I have no idea if this is the actual name of this pen, but it's the best I could garner from the AliExpress page. This is a small pocket fountain pen, but despite its small size it's the most expensive Chinese pen I've bought. It's an anodised titanium pen that's been engraved to look like the surface of the moon4. I swapped the little #5 nib out for a blue Naginata-style nib which changed it from an okay writer to a super-fun writer. It's currently inked with Sailor Date Gokoro which adds to the fun as it changes from blue to purple, matching the anodization on the pen. Strangely, it also has a little point on one end for breaking windows, which I assume was to appeal to the EDC crowd. This could easily be my favourite pocket pen. However, it takes 5½ turns to uncap, making it completely unsuitable for quick notes. That's a real shame, because it would otherwise be the perfect pen for carrying around. Despite this fairly significant drawback, I still love it.

Honourable Mentions:

Retro 51 Rocketeer rollerball — This is was my first Retro 51, modelled after the gorgeous Art Deco style of the Rocketeer. Every person who has borrowed this pen has gone on to buy a Retro 51 for themselves. Their reputation is well deserved.

Namisu N2 — This is the pen I kept permanently on my pocket notebook, until the Gravitas Quark came along. It's an amazing little pen with a #6 Bock nib that's even faster to uncap than the Quark. It’s so good that I now have 2 of them. Highly recommended.

Wing Sung 630 — The Jinaho X159 & 9019 have, quite rightly, been highly regarded for their excellent #8 steel nibs. However, there was another, lesser known, Chinese #8 nib doing the rounds last year which could be found on the Wing Sung 630. I’d go insofar as saying that I actually prefer this nib over the Jinhao. It’s every bit as good a writer, but unlike the stiffer Jinhao nib, the Wing Sung has the kind of bounce that you normally only see in gold nibs. What’ s more, they also offer a version with a 14k #8 nib for ~£130, but I haven’t tried that as yet. Just make sure to avoid the version with a heartbeat slit. It looks cool, but it seems to have significant flow issues due to the irregular cut, but this may have been sorted.

Duke 551 — Although I’m not a particularly big fan of some of the design elements of this pen, the nib is something special. It’s by far the longest fude nib I’ve ever seen. It’s so long that it requires an overfeed to help supply enough ink, something I’ve never come across on a factory nib before.

Asvine V126 — This one is such a great workhorse pen. This vacuum filler doesn’t really do anything exceptional, it just does its job really, really well. It helps that the matte grey finish looks and feels wonderful, too.

Plans for 2024

So, how am I going to change my purchasing habits in 2024? The main change I want to make is to make more deliberate purchases instead of just seeing something semi-interesting & instantly purchasing it like some kind of overgrown magpie. There are 2 pens I definitely want to pick up this year: The Pilot 743 with an FA nib, and the Nahvalur Schuylkill 365 Obsidian Pumpkin with literally any nib. The Nahvalur might be a little trickier, as there were limited quantities made & it's sold out in most places. There are a few stores that still have some, so hopefully they’ll hold out until I’m in a position to grab one. I'll just need to wait & see.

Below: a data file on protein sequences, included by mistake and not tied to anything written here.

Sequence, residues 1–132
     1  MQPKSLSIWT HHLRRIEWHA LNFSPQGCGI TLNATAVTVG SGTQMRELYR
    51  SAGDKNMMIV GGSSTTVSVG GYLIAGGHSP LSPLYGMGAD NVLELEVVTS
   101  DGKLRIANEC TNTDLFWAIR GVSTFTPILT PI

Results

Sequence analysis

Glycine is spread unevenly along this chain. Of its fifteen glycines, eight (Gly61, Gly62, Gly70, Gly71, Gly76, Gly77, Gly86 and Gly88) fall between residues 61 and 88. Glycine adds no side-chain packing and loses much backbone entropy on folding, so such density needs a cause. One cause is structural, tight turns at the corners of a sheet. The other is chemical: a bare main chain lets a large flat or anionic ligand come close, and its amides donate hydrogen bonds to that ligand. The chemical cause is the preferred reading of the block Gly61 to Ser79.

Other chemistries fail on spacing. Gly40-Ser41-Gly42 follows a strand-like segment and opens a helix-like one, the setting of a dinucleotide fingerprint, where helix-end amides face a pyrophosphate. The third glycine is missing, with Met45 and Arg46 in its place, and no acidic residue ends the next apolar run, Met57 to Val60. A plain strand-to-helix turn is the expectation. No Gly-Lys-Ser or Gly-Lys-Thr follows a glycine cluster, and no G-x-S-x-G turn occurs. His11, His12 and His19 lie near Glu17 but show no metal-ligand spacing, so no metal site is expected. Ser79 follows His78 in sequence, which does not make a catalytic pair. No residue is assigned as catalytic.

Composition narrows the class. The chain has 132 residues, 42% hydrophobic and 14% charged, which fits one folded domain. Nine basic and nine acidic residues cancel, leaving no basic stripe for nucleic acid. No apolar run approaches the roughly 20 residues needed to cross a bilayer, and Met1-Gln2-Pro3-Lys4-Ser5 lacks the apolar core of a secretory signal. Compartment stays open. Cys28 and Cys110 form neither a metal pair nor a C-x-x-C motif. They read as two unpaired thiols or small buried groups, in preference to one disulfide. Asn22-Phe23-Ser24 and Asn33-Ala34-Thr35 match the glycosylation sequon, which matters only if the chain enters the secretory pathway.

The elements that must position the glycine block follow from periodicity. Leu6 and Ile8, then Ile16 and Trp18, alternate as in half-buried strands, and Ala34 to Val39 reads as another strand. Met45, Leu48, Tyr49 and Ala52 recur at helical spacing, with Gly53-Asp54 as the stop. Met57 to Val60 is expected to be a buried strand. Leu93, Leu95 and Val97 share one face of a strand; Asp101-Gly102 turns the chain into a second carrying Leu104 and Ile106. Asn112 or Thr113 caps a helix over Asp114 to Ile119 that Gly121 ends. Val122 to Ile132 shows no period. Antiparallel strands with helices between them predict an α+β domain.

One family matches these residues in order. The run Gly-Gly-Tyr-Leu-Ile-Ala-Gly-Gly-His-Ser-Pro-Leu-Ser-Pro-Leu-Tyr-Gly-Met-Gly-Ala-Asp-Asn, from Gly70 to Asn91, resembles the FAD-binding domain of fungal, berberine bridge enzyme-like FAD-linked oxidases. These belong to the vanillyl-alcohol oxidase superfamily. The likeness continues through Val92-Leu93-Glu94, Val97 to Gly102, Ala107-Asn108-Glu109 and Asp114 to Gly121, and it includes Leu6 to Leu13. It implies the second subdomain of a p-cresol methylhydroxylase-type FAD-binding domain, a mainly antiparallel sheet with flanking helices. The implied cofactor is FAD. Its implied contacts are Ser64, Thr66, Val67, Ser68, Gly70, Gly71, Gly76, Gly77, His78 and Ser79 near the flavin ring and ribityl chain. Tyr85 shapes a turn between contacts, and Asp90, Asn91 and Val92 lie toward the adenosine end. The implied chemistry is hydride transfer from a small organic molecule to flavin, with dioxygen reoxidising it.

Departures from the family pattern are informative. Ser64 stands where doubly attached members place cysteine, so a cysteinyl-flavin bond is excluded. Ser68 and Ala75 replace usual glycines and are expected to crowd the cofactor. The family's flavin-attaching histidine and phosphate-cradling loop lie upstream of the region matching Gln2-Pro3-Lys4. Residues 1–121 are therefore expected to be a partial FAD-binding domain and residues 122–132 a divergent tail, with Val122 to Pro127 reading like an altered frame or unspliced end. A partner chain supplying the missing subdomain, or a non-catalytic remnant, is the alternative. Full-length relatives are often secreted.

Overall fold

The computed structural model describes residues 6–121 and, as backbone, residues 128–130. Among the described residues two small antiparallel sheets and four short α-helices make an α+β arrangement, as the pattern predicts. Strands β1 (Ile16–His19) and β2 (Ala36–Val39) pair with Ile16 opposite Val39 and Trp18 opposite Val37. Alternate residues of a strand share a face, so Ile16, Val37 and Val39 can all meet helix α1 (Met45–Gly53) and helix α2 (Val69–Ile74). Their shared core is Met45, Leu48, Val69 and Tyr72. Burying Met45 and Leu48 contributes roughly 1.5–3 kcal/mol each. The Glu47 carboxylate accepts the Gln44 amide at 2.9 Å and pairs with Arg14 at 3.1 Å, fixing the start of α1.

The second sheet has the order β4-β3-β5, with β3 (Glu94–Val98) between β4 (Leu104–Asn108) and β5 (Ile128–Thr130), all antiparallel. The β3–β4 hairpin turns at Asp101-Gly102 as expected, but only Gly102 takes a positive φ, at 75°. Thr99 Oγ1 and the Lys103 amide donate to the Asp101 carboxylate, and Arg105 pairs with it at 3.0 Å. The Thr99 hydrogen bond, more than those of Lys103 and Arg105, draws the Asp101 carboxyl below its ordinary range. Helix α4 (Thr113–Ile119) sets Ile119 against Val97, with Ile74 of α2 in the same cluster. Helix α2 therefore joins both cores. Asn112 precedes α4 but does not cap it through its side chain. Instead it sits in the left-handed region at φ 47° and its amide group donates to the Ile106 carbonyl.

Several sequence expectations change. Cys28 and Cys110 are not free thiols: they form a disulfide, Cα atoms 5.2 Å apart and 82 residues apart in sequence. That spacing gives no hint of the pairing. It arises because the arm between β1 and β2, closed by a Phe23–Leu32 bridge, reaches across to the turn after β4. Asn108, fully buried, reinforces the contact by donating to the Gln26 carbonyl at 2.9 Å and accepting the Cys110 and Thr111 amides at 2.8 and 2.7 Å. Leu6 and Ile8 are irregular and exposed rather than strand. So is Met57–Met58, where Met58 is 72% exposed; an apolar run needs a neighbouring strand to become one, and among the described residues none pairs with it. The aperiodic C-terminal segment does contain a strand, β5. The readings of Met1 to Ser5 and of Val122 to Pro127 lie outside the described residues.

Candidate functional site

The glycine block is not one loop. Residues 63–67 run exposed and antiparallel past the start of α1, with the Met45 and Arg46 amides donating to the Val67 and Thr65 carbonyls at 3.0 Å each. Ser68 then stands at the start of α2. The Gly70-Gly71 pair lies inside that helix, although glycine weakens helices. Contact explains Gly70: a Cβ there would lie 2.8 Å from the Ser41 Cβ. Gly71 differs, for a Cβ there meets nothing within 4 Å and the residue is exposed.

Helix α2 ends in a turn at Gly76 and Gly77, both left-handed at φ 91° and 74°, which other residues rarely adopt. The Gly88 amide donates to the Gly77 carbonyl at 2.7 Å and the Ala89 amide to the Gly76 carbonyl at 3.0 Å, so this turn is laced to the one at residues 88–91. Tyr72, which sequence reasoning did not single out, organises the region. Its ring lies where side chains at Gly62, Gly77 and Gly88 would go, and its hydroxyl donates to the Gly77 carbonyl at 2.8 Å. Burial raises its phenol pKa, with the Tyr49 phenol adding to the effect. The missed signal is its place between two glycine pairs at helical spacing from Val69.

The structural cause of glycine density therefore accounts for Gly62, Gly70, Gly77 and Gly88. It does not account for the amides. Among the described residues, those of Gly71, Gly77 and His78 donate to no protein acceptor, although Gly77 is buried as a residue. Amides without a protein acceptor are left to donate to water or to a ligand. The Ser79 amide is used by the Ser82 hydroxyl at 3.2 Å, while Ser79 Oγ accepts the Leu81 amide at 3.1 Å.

There are another 2 pens that I'd like to pick up, but wouldn't mind too much if it doesn't happen this year. A second-hand Omas 361, and a Sailor 1911 Profit with a zoom nib5. I'll be keeping an eye on the Ēnsso retractable fountain pen Kickstarter when it launches in a month or so, but I wont know if I'll be getting one until I know more about it. I'm also interested in seeing what version 2 of the Endless Creator will be like. I didn't get on too well with the original one, but I'm hoping they've learned some important lessons from it. There will undoubtedly be a few Chinese pens throughout the year. Hopefully a Majohn A4 or A5, maybe the odd new pocket fountain pen, and likely anything particularly interesting that Jinhao releases. I had hoped there would have been a Year of the Rabbit PenBBS released at the end of '23 as I loved the Ox and Tiger versions they made, but hopefully we'll get something this year.

I'd also very much like to pick up a few nibs this year, but again, they aren't priorities. A needlepoint nib is high on this list, as well as a stacked/reversible nib, a fine or medium stub, and either the 14k flex nib from The Good Blue, or version 2 of their steel Alchemy nib if it finally comes out this year. I'd quite like to send my vintage Sheaffer's off to get restored as well, but it's not a majorly high priority at the moment.

As you can see, there's still a fair few things I want to get this year, but I'm going to make a concerted effort to not buy things willy-nilly. I've already decided that I don't want to buy any pens at all in January, and I've managed to stick to that so far. Hopefully that will help me to curtail my spending significantly this year by showing me that it's actually possible to not buy a pen! Madness, I know. We'll just need to wait & see how I get on with that. I’d also highly recommend taking a look at I Dip Bananas in Coffee’s latest post where they give details on how you can spend less in ‘24.

Fountain pen resolutions for 2024
I’m a sucker for spreadsheets; been like that since 2014 aka since I entered the workforce way too late to brag but also way too early to feel ready (is anyone ever ready to devote 40h/week + commute of two hours on foot to a job?). Thanks to my obsession, I’ve been able to actually track my budget or, rather, expenditure for fountain pens, and I notice…

What are your purchasing plans for 2024? Are there any pens that you 100% plan on picking up this year, or are you going to just go with the flow? Let me know in the comments!

  1. Sweet, sweet alliteration.

  2. There were 2 more pens acquired in 2023, but they were gifts so I'm not counting them and you can’t make me.

  3. AKA Hi-Tec-C outside Europe.

  4. I love the moon. Like, a lot.

  5. Although I haven't decided which of the 20,000 versions of the 1911 I want yet.